How the PSAT Changed My Life

Rear view of a young woman hitchhiking on countryside road walking on the road

JJ was a National Merit Scholar in 2006. With the final 2016 PSAT administration date occurring this Wednesday, Nov. 2, he reflects on his experience taking the PSAT in 2004 and the effects it had on his education.

This week marks the conclusion of a month-long process wherein over three million students will have sat down to take the PSAT. Nominally known to high school students as a practice SAT, the PSAT has much higher stakes and more far-reaching implications than a simple practice exam; a strong performance can alter the trajectory of one’s life, as it did mine over a decade ago.

I was a kid of an inauspicious background from small-town Arkansas, the son of a salesman and a teacher. I knew college was part of my future — that had been impressed upon me from a young age — but that future would most likely materialize in the form of a yet another townie attending the local state school. The PSAT didn’t mean much to me: it was nothing more than another school-sponsored standardized exam I was forced to endure.

Still, I remember the day I took the PSAT. We sat in a cramped auditorium, under conditions hardly ideal for an administration of a standardized exam. The stadium chairs had the faux appearance of comfort, and we used lapboards instead of an actual desk.

For nearly three hours, I labored through reading, writing, and math. When the exam was over, I headed home, without any lingering thoughts on the outcome of this “practice test.”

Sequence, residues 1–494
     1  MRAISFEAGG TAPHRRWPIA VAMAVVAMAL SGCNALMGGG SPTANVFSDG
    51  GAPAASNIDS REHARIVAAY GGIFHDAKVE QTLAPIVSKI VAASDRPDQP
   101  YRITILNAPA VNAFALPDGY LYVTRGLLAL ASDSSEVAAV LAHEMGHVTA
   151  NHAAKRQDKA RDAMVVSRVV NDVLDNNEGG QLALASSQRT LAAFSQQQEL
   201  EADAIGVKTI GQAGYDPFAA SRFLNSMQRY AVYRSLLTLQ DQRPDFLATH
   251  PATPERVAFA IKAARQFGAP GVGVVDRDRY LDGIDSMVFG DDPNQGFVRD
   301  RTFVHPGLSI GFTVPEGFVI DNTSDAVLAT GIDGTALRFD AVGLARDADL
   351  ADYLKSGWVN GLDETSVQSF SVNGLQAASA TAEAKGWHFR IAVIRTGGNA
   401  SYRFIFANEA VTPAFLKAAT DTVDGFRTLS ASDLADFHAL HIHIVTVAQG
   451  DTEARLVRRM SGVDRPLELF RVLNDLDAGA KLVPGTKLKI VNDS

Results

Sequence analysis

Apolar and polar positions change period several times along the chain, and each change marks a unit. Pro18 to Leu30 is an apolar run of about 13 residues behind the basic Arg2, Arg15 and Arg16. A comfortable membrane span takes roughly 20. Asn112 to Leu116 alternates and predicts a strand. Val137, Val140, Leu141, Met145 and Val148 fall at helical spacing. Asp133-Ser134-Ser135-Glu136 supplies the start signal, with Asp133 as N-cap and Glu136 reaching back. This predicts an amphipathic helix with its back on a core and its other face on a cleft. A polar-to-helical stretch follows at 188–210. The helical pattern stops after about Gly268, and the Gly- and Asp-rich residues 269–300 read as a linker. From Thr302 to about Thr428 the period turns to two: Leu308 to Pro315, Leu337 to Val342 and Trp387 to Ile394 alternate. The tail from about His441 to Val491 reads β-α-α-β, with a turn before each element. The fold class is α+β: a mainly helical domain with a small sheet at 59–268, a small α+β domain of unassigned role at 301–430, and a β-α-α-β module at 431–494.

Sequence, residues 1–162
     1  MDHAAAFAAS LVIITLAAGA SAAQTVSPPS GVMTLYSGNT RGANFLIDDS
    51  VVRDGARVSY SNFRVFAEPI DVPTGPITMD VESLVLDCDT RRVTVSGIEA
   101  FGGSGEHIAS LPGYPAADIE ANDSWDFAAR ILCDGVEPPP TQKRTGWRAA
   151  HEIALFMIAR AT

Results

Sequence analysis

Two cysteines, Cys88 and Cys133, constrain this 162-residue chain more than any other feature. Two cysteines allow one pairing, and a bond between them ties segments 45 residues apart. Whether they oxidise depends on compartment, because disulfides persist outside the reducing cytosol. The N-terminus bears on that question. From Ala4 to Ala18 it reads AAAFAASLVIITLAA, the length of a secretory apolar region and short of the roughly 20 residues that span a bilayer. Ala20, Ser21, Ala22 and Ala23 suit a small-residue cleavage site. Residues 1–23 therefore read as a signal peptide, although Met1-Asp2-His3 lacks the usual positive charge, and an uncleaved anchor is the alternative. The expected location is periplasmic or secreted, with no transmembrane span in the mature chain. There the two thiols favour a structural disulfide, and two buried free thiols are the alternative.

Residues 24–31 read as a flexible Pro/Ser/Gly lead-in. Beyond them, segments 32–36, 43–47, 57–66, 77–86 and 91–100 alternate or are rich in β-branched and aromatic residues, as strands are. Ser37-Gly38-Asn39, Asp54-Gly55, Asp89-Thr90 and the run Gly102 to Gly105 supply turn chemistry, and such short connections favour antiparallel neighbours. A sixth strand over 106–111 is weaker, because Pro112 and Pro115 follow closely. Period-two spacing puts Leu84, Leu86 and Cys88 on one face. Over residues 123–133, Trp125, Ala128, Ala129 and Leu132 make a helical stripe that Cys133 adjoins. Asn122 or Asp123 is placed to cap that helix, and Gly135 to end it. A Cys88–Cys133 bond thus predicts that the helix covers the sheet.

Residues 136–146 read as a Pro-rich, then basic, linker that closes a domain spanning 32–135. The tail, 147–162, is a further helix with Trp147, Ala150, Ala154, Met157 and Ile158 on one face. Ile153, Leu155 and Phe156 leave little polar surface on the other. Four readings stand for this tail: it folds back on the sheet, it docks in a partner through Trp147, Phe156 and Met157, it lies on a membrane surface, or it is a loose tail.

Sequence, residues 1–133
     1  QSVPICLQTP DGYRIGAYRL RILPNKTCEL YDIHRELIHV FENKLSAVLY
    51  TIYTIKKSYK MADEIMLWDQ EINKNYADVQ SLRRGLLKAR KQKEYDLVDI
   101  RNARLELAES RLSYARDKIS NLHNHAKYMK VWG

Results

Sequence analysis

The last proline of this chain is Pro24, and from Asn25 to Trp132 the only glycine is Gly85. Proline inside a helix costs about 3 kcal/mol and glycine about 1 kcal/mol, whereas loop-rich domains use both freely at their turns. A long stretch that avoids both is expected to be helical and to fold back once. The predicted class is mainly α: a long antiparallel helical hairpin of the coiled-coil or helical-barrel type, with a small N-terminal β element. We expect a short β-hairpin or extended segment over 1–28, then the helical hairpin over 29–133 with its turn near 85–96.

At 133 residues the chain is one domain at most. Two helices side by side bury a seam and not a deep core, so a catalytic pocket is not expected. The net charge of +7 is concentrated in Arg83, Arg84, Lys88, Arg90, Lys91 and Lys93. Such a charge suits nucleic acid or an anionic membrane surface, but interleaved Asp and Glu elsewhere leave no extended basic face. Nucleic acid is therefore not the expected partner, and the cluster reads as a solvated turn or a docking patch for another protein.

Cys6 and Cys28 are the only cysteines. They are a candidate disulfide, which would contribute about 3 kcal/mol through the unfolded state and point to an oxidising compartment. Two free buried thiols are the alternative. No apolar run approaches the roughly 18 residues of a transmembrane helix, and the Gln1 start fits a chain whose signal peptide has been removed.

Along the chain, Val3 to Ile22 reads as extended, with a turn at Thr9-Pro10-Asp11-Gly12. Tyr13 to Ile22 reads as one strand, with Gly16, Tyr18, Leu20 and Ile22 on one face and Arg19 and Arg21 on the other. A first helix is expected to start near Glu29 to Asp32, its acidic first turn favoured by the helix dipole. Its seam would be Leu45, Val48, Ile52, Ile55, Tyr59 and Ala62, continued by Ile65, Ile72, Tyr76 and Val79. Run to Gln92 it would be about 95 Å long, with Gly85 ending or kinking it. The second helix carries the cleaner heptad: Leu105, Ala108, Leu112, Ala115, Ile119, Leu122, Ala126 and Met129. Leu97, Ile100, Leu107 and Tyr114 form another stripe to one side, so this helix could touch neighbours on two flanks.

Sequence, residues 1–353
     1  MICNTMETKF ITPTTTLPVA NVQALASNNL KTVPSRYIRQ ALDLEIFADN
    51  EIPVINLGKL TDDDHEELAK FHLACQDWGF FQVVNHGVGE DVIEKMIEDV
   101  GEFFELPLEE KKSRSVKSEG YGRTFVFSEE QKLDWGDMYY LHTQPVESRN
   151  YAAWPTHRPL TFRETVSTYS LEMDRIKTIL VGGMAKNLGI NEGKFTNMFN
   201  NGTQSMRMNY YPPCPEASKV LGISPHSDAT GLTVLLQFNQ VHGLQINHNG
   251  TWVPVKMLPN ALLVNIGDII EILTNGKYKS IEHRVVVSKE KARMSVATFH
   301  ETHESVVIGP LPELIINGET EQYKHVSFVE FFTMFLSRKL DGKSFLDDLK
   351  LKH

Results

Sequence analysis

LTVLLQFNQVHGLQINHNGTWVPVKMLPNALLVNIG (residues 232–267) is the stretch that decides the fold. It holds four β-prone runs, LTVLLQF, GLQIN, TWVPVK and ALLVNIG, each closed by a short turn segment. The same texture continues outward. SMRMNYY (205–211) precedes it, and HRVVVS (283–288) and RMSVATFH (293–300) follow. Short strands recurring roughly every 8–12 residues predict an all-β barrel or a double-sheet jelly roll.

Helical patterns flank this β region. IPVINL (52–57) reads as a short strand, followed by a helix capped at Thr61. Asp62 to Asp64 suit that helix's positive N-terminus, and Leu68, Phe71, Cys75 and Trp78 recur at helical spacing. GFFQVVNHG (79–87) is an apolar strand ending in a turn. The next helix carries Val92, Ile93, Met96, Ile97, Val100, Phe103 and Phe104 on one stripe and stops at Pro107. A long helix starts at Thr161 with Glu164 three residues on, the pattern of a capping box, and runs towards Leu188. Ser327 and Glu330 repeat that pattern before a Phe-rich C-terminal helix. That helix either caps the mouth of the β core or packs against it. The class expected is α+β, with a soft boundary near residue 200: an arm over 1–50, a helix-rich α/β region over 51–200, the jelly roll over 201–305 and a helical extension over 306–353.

Little did I know, my life was forever changed by those three hours. Three months later, scores were released, and an asterisk next to my score designated me as a high performer. I was invited to a small session with 6 of my peers (from a class of more than 600 students) where we were told we would likely be named National Merit Semifinalists. Nearly a year after taking the test, in September 2005, this was confirmed; I was a National Merit Semifinalist, and I had my picture taken for the local newspaper. That’s when everything changed.

Within weeks, I began receiving mail from schools in states all over the country — New York, California, Oklahoma, Michigan and more — that invited me to apply to their schools, guaranteeing not only admission, but also scholarships covering tuition and room and board. These were universities I’d never heard of before, let alone ever considered as a possible location for my undergraduate experience.

I was not raised in a family of means. We were comfortably middle-class, but I was certainly not in line to attend a fancy private school on one of the coasts. My status as a National Merit Semifinalist changed that. My worldview had expanded to a previously unknown realm of possibilities, all due to my performance on a “practice SAT.”

The next year was a whirlwind. I visited and interviewed at schools I would have never dreamed of attending. I took the real SAT to further the National Merit process, which was itself somewhat of an irregularity in small-town Arkansas, where the ACT is the primary college admission test taken.

That’s how I ended up attending Northeastern University in Boston, Massachusetts, and at this point, I have lived in Boston for nearly a decade. Attending Northeastern opened countless opportunities for me, including working at premiere corporate institutions in America, traveling the world, and experiencing life beyond Arkansas.

The PSAT is important. It can change the trajectory of your life.